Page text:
Netherlands: Authority for Consumers and Markets
This is an Insight article, written by a selected partner as part of GCR's co-published content. Read more on Insight
Mission and strategy of the Authority for Consumer and Markets
Five years ago, the Authority for Consumer and Markets (ACM) was created with the core objective to promote opportunities and options for consumers and business. We create opportunities for new products, services, innovation and businesses by intervening to prevent restrictions that hinder new entrants in entering markets. ACM creates options for consumers, and ensures that they are aware of their rights, in order to enable them to make real and thoughtful choices based on proper information, provided by companies who are unambiguous about the products they offer. These conditions provide the basis for well functioning markets. The ultimate goal is to ensure that all businesses play by the rules, and that consumers are sufficiently well-informed to exercise their rights.
To reach these goals, ACM has to be aware of the problems faced by consumers and businesses. Especially in network sectors, such as markets for energy, telecommunication, transport and post, but also in the general fields of competition and consumer rights. As a multifunctional authority, ACM combines knowledge in the fields of consumer protection, competition oversight and (network) sector-specific regulation, providing the authority with the opportunity to enhance effectiveness and efficiency in oversight and enforcement.
To detect market problems, ACM executes independent market analyses and presents itself as an organisation that is open to input from the outside world. This openness is one of our core values, and we emphasise that by engaging with involved stakeholders, like consumers, business and co-supervisors – both national and international. We stand up to non-complying undertakings that harm markets and consumer interest, on the basis of the following three questions.
- What is the extent of the harm to consumers?
- What public interest is at stake?
- Is ACM in a position to take action effectively?
ACM was established by the ACM Establishment Act on 1 April 2013, when three separate market authorities – the Netherlands Competition Authority, the Independent Post and Telecommunications Authority of the Netherlands (OPTA) and the Netherlands Consumer Authority (CA) – were formed into one new Authority for Consumers and Markets. On 1 August 2014, the Streamlining Act came into force. ACM implements over 20 pieces of legislation. The Streamlining Act had the objective of harmonising and simplifying various procedural rules and cutting inefficiencies relating to ACM’s operations, thereby creating a clear and uniform set of rules for ACM. Under the Streamlining Act, some competences that previously only applied to competition enforcement were extended to the areas of consumer protection and sector-specific regulation.
To achieve its core objective, ACM is armed with a toolkit of instruments to solve market problems. For instance, ACM is provided with multiple intervention possibilities. Traditionally, fines have been an important way to sanction violators. Under the 2014 ACM Fining Guidelines, we have the right to fine offending undertakings and their executives. Fining can have a distinct deterrent effect. However, due to ACM’s multipurpose character and broad regulatory framework, we have a variety of instruments at our disposal.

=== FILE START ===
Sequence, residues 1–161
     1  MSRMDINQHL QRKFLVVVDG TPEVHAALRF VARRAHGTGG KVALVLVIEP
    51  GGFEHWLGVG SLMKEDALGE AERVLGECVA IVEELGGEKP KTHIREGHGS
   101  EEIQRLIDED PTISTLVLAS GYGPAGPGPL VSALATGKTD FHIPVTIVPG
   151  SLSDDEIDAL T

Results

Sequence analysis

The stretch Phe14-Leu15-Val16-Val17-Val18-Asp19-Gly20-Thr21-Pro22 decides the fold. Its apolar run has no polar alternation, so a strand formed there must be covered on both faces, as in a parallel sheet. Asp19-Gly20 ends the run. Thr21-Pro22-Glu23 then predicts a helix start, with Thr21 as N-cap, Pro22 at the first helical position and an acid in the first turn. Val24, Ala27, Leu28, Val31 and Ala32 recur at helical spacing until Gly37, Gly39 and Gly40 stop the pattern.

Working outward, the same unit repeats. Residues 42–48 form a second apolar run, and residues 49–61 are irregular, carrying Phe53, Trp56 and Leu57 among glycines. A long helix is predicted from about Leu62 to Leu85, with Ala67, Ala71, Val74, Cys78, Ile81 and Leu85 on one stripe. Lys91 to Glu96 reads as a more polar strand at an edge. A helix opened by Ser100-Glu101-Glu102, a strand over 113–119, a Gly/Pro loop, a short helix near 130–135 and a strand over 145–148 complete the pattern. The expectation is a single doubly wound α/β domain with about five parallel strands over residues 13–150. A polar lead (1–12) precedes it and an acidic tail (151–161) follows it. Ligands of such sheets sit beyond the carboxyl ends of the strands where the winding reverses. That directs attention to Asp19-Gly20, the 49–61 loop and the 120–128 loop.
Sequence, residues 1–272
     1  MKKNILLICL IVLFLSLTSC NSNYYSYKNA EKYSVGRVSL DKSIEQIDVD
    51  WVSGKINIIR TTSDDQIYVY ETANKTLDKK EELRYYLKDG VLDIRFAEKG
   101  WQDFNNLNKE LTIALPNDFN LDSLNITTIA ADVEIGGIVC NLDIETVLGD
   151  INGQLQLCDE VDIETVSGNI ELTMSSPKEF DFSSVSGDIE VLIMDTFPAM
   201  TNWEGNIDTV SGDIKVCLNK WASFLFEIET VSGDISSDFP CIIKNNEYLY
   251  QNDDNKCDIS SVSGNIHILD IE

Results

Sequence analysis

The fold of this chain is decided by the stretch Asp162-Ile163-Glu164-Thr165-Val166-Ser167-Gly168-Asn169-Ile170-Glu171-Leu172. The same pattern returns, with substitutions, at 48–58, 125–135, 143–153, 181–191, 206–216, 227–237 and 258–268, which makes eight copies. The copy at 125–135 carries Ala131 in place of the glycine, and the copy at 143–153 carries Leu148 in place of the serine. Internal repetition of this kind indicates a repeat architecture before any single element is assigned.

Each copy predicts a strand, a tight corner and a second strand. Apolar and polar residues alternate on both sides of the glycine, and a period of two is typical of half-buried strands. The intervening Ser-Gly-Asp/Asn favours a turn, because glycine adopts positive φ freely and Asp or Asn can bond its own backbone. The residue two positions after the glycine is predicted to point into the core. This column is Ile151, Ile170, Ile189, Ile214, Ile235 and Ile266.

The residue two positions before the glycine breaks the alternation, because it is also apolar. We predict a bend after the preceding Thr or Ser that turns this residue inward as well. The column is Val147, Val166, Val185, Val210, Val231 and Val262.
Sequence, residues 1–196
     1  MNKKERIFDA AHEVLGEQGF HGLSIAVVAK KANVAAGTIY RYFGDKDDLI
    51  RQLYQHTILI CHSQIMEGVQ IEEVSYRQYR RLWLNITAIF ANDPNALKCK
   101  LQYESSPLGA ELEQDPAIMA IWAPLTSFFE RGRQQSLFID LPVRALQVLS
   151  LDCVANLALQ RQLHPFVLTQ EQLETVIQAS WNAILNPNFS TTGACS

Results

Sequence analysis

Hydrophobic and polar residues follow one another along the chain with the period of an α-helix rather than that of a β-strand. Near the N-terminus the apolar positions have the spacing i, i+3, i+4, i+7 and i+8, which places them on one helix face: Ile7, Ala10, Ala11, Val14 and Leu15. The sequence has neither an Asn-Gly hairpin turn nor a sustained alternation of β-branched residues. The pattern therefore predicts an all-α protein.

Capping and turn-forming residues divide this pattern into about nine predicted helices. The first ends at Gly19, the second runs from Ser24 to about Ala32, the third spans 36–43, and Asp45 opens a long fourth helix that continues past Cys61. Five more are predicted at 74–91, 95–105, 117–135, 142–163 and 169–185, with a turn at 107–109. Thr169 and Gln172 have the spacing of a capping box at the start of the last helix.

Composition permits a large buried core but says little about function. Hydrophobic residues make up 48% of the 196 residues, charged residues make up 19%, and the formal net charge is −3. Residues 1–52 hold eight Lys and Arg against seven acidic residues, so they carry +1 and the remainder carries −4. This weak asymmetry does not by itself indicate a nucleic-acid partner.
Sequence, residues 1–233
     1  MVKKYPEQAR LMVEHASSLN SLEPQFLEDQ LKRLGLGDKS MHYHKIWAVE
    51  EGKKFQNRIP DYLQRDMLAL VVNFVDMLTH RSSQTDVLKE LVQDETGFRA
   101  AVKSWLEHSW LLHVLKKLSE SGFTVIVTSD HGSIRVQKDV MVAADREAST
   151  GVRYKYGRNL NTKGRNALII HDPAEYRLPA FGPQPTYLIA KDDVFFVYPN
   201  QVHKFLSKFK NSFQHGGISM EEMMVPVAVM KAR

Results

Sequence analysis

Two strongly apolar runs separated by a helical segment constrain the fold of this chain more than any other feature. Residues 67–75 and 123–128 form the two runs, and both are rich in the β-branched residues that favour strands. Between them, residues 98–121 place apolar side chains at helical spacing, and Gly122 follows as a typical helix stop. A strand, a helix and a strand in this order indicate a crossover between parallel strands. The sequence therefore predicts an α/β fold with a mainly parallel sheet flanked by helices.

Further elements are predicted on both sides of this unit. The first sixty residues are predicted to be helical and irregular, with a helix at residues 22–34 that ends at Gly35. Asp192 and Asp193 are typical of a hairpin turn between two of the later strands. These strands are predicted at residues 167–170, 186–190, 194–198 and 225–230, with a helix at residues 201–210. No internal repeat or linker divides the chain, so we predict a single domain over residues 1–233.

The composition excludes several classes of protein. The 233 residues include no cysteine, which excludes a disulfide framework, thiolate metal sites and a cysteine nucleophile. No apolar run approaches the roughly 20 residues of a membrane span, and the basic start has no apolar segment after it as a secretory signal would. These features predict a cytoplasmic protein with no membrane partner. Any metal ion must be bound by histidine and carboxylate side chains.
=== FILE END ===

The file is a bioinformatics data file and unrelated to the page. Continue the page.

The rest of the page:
In its oversight style, ACM focuses on the effect of its actions, rather than the type of instrument this involves. We aim to choose the instrument, or a combination of instruments, that is most likely to offer a permanent solution to the problems we face to tackle the underlying causes of the market problem at hand. As a result, interventions are characterised by a specific focus on solving the underlying market and consumer problems, while at the same time taking into account the relevant context and market structure.
Apart from fines, ACM may impose binding instructions and structural remedies. Commitment decisions are also an important tool. We have the power to impose orders subject to periodic penalty payments on companies to end violations. Another important element of our enforcement practice is our communications policy: ACM is an open organisation. In this role, we also put a lot of effort in drafting informal guidance opinions and engaging in dialogue with market participants. Moreover, we publish studies and advisory papers, such as market scans and informal opinions, on our website, while we also involve in advocacy through advising governments in cases related to our fields of interest.
Last year’s achievements
ACM wishes to take action in those areas where it can truly make a difference for consumers and businesses. That is why we work on developing substantiated estimates to calculate how much our work has saved Dutch consumers. In 2017, ACM saved consumers €1 billion. This amount consists of €290 million for activities completed in 2017, and €740 million for activities from previous years, the impact of which continued in 2017. In addition, we study the broader effects of our oversight efforts. In 2017, for example, we looked into the effects of hospital mergers, the use of ‘rapid interventions’ and the oversight of primary-care collaboration.
In 2017, the court upheld most of ACM’s decisions in appeal. The courts upheld all of the decisions related to our sector-specific regulation. With regard to sanctioning decisions, the established violations have, for the most part, also been upheld, but the courts have often found the imposed fines too high.
ACM also loses cases. In 2017, our decisions on the ‘foreclosure auctions’ were overturned on appeal to the Dutch Trade and Industry Appeals Tribunal. From our perspective, this was a setback. It is important that the courts review ACM’s work critically. The insights gained from the judicial process help us enhance our effectiveness.
For the effectiveness of our oversight, it is critical to be engaged with all of our stakeholders. In order to engage with consumers and businesses on a constant basis, we increasingly use visuals such as infographics, social media and awareness campaigns. In this way, we are able to influence consumer and business behaviour more effectively. In our campaign ‘Don’t just order something on social media. Find out first who they really are’, we warned consumers against impulse buying on social media such as Facebook and Instagram. ACM also collaborated with popular vloggers on YouTube to reach youth who are particularly susceptible to impulse buying, because they are very active on social media. In addition, we launched an online toolkit that makes it easier for debt counsellors to take action against unfair commercial practices on behalf of their clients. In 2017, ACM again warned against illegal cartels through its anti-cartel campaign ‘Cartels never go unnoticed’. In order to provide more insight into how we deal with tip-offs, we put a video online in which we explained that process.